"That’s a game changer. There’s no such network like that in the states and arguably anywhere in the world," said Chris Thorncroft, chairman of atmospheric sciences at State University of New York at Albany, which oversees the system.

New York companies are interested in ways to use the new mesonet because the likelihood of damage from extreme rainfall has increased in the Northeast by more than 70 percent in 50 years. Thorncroft said he thinks public-private partnerships with companies will help his state maintain and improve its system. Texas, Pennsylvania and Taiwan have expressed interest in New York’s approach.

In March, a committee of the National Academy of Sciences concluded that the mismatch among various states’ capabilities presents a problem. The United States has made billions of dollars of investments in space satellites that measure greenhouse gases and other pollutants, but a lack of uniform sensors on the ground makes the space observations difficult to use.

"We’ve seen on numerous times where top-down and bottom-up measurements have been made and they don’t agree with each other," said James White, chairman of the committee and a professor of geological sciences at the University of Colorado, Boulder.

He wants better measurements of methane, a serious greenhouse gas emitted by gas and oil drilling and large cattle farms. Some states, such as California, have robust monitoring stations, he pointed out. "Other states don’t have anything. We think the federal government has a role here for providing continuity.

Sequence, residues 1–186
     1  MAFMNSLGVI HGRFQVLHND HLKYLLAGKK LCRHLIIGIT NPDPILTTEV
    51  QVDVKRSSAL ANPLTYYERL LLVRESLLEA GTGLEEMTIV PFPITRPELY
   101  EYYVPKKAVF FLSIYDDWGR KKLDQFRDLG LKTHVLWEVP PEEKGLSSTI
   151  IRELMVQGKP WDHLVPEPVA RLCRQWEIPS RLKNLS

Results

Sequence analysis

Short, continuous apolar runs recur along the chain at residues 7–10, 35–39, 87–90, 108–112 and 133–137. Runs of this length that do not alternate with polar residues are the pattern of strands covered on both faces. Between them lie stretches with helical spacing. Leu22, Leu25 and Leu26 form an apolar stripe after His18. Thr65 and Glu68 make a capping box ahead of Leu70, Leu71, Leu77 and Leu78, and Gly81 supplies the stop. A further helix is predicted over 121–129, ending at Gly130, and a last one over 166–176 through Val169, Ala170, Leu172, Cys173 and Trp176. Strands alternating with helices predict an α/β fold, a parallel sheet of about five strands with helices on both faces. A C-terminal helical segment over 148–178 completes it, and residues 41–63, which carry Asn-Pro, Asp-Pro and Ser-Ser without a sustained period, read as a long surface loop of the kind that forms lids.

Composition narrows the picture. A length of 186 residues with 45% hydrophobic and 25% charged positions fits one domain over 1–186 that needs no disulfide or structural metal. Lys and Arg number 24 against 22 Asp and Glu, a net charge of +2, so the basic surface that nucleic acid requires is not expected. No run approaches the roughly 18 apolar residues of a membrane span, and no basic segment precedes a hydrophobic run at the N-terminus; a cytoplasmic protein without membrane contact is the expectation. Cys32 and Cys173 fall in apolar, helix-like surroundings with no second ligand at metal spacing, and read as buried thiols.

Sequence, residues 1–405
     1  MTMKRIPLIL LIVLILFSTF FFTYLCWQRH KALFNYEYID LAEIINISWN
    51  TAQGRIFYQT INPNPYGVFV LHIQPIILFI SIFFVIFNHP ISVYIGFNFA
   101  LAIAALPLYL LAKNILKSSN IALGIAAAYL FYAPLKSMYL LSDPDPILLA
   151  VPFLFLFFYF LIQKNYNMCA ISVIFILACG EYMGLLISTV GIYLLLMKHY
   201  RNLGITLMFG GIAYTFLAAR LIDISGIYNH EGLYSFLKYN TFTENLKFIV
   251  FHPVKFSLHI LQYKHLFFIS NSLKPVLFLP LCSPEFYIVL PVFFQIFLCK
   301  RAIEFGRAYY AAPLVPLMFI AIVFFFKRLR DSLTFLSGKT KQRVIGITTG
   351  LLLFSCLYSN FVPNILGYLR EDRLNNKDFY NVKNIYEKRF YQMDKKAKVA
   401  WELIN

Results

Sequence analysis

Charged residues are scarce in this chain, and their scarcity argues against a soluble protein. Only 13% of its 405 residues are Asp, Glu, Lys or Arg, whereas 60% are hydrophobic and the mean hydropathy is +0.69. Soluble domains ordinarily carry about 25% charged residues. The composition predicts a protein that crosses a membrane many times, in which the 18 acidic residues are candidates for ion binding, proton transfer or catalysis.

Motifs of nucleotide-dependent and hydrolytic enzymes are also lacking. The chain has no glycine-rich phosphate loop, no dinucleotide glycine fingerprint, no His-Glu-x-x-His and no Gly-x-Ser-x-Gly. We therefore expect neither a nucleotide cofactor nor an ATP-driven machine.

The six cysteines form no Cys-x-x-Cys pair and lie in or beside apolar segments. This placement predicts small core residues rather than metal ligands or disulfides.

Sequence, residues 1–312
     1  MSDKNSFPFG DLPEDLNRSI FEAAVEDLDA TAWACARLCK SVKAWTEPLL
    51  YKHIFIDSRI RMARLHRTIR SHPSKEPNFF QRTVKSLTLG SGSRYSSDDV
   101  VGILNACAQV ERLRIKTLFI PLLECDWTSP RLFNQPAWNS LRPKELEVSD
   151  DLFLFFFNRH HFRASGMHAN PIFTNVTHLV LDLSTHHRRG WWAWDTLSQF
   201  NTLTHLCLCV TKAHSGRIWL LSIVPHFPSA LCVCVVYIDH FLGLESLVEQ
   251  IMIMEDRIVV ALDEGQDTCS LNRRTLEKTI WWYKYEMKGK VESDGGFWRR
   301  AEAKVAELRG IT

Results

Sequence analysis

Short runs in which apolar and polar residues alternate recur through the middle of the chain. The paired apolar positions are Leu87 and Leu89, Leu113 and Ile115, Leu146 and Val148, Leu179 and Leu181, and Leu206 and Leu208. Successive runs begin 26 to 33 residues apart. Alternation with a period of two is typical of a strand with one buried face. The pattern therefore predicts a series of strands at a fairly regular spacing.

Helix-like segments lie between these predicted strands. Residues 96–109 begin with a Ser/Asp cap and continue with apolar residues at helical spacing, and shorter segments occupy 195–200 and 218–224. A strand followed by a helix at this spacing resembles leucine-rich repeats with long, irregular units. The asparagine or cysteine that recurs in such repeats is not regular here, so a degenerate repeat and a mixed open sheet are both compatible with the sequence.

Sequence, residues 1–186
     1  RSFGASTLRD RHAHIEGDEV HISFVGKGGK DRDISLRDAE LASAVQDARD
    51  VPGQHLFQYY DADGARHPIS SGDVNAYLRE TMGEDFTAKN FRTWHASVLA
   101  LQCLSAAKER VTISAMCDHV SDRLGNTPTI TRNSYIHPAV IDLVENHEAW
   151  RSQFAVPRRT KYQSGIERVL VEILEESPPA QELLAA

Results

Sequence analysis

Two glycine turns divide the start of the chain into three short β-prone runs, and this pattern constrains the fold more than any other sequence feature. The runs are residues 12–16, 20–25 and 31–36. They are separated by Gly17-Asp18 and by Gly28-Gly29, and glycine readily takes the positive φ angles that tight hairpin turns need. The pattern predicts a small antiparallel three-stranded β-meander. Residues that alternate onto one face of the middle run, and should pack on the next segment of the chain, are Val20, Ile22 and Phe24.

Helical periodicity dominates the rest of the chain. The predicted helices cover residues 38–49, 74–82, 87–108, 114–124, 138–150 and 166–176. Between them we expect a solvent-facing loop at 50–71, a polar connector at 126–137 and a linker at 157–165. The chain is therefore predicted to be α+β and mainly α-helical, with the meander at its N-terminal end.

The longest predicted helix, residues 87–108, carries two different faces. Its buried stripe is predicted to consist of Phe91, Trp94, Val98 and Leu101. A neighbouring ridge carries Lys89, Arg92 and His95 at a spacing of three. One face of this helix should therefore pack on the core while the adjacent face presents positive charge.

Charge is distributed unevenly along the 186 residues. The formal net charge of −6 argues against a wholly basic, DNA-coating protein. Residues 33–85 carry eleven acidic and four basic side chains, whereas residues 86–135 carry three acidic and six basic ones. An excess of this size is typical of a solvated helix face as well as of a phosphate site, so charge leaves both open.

"If one state sets up a system and it’s incompatible with the others, then you’re not going to be able to pull all of these measurements together," he added.

White said his committee wanted a national network that was seamless, but he didn’t estimate the costs involved. "Certainly, the rationale for doing this is quite strong, and the cost is not prohibitive at all," he said. "There are a number of states that are proactive, and we want to be able to leverage that."

He added, "Another way of looking at it is: What’s the cost of not doing it?"

Resistance to a national system

Crawford had lobbied to get a national mesonet system in the mid-2000s by touting Oklahoma’s successes.

The former National Weather Service scientist traveled to Washington, D.C., to make his case. He tried to convince NOAA and Congress to build a national system like the one he built in Oklahoma but found that lawmakers, particularly Republicans skeptical of mainstream climate science, couldn’t stomach the cost of a national system.

He ultimately agreed to support a compromise that included an entity called the National Mesonet Program (NMP).

It is a NOAA and National Weather Service agency that’s now run by Curtis Marshall, another one of Crawford’s former students. He calls it a "central repository" of climate data. It provides $18 million in federal support to 44 state, local and business-run groups that have started their own tracking systems in exchange for NMP’s climate data, which the agency puts online.

A report last year by the American Meteorological Society counted 26 state-run mesonets, calling them "vital assets" that contribute a social and economic benefit that "far outweighs" their cost. The report noted, however, that some of the state systems that followed Oklahoma’s lead are still in the "formative stage," while others face budget cuts or need more help to "meet scientific requirements for data quality."

Marshall hopes that the federal aid his office provides will eventually improve state systems.

"You can always add more data and standardize and improve quality," he said. "I think we’re a whole lot farther than he [Crawford] thought we could get when he passed away."